I. Definition and related terms:
a. a damaged mitral valve allows blood from the left ventricle to flow back into the left atrium during systole.
b. to handle the backflow, the atrium enlarges. So does the left ventricle, in part to make up for its lower output of blood.
a. follows birth defects such as transposition of the great arteries.
b.in older clients, the mitral annulus may have become calcified.
c. cause unknown; may be linked to a degenerative process.
d. occurs in 5 to 10% of adults.
a. client may be asymptomatic
b. orthopnea, dyspnea, fatigue, weakness, weight loss
c. chest pain and palpitations
d. jugular vein distention
e. peripheral edema
a. low-sodium diet - to prevent fluid retention
b. oxygen as needed - to prevent tissue hypoxia
c. antibiotics - to treat infection
d. prophylactic antibiotics - to prevent infection
e. surgery - mitral valvuloplasty or valve replacement
V. Nursing interventions
a. the cardio-care six
b. monitor the cardio seven
c. monitor for left-sided heart failure, pulmonary edema, adverse reactions to drug therapy, and cardiac dysrhythmias especially atrial and ventricular fibrillation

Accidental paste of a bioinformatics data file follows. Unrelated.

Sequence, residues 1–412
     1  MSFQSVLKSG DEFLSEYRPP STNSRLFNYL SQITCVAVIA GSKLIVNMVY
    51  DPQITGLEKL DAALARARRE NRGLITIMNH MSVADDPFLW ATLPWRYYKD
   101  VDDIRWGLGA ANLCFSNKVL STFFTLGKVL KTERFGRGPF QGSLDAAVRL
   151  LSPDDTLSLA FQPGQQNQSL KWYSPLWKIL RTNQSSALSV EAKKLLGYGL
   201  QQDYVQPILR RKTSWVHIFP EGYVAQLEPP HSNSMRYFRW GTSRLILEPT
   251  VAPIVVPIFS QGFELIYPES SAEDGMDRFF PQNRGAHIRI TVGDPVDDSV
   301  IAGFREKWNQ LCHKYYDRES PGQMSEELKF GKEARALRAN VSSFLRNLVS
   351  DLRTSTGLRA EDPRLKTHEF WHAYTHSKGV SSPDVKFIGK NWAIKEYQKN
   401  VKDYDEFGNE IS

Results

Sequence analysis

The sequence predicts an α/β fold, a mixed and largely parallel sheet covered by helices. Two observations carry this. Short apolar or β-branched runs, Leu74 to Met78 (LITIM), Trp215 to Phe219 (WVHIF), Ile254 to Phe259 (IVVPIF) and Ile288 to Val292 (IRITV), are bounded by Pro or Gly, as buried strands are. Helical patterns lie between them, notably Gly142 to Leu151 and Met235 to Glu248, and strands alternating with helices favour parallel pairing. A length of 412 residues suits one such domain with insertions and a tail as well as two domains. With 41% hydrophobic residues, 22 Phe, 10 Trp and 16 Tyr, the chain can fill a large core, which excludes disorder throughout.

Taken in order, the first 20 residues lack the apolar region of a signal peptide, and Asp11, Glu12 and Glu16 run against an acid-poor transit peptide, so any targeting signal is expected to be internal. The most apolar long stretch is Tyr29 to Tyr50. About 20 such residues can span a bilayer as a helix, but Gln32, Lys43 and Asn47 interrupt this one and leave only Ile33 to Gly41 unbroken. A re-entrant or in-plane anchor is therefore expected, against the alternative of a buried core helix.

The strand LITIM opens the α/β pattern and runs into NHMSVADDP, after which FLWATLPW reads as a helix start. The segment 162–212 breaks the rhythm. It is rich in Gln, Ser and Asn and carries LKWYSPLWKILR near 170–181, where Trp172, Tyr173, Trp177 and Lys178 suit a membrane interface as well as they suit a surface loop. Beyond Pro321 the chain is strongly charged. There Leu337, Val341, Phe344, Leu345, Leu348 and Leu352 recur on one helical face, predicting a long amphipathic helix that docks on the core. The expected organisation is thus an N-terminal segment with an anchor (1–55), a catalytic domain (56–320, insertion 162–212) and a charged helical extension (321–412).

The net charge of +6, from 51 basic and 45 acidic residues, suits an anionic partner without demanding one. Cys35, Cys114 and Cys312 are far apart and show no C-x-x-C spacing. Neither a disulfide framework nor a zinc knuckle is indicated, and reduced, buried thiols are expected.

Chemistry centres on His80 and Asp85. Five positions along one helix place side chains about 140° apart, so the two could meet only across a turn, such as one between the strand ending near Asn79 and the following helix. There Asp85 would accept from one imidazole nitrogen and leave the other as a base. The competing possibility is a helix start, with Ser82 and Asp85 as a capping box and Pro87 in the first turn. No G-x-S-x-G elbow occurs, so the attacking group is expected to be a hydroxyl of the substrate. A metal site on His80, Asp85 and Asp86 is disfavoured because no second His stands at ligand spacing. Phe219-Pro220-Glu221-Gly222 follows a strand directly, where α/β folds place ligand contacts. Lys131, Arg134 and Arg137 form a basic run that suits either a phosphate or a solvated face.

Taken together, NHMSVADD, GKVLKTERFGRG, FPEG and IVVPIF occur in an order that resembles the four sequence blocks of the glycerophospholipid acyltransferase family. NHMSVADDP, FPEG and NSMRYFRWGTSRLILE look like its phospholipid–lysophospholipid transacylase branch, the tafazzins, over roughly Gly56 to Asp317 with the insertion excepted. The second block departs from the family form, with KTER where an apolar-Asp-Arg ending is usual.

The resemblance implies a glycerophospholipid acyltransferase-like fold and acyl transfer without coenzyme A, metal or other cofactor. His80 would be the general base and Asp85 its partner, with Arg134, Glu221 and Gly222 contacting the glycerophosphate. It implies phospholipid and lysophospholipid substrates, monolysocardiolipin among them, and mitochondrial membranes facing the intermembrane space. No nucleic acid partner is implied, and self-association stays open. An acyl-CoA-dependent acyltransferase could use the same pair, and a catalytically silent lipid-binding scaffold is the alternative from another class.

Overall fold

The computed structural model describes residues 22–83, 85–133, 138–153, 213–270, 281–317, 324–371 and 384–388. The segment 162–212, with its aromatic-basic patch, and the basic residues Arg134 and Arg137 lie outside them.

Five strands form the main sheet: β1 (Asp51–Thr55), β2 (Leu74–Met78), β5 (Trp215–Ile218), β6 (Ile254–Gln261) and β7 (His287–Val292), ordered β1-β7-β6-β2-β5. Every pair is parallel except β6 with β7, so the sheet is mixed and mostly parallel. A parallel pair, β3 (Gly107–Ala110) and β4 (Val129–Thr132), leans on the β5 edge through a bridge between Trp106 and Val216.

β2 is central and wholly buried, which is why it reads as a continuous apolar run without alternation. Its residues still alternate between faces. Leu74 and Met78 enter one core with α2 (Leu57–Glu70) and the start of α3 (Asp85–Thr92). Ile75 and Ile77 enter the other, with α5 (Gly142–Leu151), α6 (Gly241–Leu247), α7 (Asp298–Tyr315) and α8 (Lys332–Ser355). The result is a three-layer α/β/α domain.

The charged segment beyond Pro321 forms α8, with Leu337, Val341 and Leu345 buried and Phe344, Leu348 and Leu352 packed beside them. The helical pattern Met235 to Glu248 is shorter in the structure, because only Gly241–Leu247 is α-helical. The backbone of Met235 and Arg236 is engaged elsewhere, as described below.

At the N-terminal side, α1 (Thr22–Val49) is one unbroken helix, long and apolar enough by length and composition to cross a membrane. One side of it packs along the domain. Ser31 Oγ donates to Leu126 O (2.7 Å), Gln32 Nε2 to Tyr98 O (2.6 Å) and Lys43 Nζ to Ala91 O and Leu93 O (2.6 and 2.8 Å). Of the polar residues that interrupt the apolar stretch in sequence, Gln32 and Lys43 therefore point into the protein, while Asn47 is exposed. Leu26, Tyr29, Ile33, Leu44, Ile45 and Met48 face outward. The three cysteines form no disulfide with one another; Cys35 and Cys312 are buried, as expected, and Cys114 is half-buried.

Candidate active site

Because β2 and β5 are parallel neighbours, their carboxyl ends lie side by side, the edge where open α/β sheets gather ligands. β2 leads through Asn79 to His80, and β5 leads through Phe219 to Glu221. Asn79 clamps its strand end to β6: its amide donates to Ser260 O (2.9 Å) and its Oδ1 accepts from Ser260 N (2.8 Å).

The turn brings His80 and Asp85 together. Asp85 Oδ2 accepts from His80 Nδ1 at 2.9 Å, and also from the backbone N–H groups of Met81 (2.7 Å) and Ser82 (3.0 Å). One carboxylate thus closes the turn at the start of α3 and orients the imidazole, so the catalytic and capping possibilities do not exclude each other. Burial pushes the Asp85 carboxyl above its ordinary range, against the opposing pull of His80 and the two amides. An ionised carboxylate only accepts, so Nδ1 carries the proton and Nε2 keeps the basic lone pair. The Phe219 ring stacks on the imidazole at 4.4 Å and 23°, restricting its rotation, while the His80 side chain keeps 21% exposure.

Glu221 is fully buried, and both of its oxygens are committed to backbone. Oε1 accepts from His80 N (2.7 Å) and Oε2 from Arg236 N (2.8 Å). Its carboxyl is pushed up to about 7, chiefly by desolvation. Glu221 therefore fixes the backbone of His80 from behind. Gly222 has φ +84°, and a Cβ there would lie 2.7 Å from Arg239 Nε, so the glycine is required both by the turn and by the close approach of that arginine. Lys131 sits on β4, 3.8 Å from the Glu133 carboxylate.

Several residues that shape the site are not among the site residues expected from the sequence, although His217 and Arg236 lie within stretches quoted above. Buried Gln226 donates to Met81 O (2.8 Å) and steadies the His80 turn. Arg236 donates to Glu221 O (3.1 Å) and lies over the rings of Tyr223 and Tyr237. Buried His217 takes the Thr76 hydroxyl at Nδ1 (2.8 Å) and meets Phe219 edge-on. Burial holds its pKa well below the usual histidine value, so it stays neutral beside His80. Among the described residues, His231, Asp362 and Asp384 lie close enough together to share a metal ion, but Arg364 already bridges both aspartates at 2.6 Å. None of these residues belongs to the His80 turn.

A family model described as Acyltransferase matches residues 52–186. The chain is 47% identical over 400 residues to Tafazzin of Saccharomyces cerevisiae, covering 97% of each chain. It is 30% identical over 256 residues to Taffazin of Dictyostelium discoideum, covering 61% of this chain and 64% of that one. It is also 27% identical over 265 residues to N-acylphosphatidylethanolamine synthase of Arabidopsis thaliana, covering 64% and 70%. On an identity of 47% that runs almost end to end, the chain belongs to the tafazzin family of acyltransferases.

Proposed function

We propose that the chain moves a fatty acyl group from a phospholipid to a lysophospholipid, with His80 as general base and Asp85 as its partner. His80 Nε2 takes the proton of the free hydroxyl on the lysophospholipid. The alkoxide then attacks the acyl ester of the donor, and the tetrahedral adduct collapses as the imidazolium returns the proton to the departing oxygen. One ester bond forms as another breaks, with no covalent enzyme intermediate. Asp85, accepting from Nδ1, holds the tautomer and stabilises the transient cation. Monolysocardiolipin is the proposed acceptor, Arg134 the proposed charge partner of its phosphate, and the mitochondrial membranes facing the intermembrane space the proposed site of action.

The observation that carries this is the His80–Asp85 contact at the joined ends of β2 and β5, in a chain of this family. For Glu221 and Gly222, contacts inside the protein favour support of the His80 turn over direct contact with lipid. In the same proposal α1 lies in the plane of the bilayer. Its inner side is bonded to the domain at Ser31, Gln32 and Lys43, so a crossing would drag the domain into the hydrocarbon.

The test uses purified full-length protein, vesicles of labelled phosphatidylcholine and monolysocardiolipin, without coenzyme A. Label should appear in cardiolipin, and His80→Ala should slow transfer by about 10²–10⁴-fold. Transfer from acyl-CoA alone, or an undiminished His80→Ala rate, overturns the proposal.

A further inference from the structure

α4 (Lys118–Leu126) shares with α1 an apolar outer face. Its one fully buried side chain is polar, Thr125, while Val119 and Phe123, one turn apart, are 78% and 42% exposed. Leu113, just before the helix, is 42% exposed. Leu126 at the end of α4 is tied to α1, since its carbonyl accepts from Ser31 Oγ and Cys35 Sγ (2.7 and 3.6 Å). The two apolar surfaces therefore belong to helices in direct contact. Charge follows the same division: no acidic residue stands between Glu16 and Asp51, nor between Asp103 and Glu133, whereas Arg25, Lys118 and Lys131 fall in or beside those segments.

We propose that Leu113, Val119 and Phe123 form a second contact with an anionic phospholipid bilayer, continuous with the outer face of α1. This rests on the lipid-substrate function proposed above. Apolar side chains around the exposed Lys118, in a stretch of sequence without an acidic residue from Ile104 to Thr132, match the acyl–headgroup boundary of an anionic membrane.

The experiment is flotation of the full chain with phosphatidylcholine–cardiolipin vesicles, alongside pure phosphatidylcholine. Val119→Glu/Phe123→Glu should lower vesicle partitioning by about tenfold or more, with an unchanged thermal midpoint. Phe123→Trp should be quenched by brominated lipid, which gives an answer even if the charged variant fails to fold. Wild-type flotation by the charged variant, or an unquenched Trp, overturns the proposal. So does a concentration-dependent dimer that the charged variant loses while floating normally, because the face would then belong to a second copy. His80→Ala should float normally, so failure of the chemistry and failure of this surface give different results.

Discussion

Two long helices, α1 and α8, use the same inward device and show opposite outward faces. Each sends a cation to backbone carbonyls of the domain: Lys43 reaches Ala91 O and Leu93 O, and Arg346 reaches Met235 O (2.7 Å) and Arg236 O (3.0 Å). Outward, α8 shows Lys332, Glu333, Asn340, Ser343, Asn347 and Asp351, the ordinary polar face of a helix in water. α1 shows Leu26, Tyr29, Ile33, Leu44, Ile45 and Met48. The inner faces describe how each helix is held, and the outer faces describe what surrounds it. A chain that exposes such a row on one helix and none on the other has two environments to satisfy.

d. if client has surgery, monitor postoperatively for hypotension, arrhythmias and thrombus formation
e. client and family teaching
f. diet restrictions and drugs
g. explain tests and treatments
h. prepare client for long-term antibiotic and follow-up care.
i. stress the need for prophylactic antibiotics during dental care.
j. teach client and family to report findings of heart failure: dyspnea and hacking, nonproductive cough.
VI. Diagnostic findings
a. EKG for arrythmias and changes of left atrial enlargement
b. echocardiogram - to visualize regurgitant jets and flail chordae/leaflets
c. cardiac cath shows regurgitation of blood from left ventricle to left atrium